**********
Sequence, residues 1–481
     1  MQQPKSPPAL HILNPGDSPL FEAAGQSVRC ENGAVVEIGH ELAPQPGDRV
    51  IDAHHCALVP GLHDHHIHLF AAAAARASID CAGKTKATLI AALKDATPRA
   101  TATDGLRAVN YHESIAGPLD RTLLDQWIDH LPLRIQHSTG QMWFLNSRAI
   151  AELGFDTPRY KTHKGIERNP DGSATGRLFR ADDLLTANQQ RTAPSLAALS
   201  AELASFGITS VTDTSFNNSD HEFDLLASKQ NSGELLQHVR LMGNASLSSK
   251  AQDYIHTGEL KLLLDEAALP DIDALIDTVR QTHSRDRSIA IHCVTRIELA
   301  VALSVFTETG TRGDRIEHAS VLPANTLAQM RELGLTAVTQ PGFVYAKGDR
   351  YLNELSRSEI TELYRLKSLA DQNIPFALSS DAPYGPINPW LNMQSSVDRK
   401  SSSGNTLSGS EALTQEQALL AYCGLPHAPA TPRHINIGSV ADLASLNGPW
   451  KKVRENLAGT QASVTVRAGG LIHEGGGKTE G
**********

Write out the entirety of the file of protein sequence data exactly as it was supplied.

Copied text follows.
Sequence, residues 1–481
     1  MQQPKSPPAL HILNPGDSPL FEAAGQSVRC ENGAVVEIGH ELAPQPGDRV
    51  IDAHHCALVP GLHDHHIHLF AAAAARASID CAGKTKATLI AALKDATPRA
   101  TATDGLRAVN YHESIAGPLD RTLLDQWIDH LPLRIQHSTG QMWFLNSRAI
   151  AELGFDTPRY KTHKGIERNP DGSATGRLFR ADDLLTANQQ RTAPSLAALS
   201  AELASFGITS VTDTSFNNSD HEFDLLASKQ NSGELLQHVR LMGNASLSSK
   251  AQDYIHTGEL KLLLDEAALP DIDALIDTVR QTHSRDRSIA IHCVTRIELA
   301  VALSVFTETG TRGDRIEHAS VLPANTLAQM RELGLTAVTQ PGFVYAKGDR
   351  YLNELSRSEI TELYRLKSLA DQNIPFALSS DAPYGPINPW LNMQSSVDRK
   401  SSSGNTLSGS EALTQEQALL AYCGLPHAPA TPRHINIGSV ADLASLNGPW
   451  KKVRENLAGT QASVTVRAGG LIHEGGGKTE G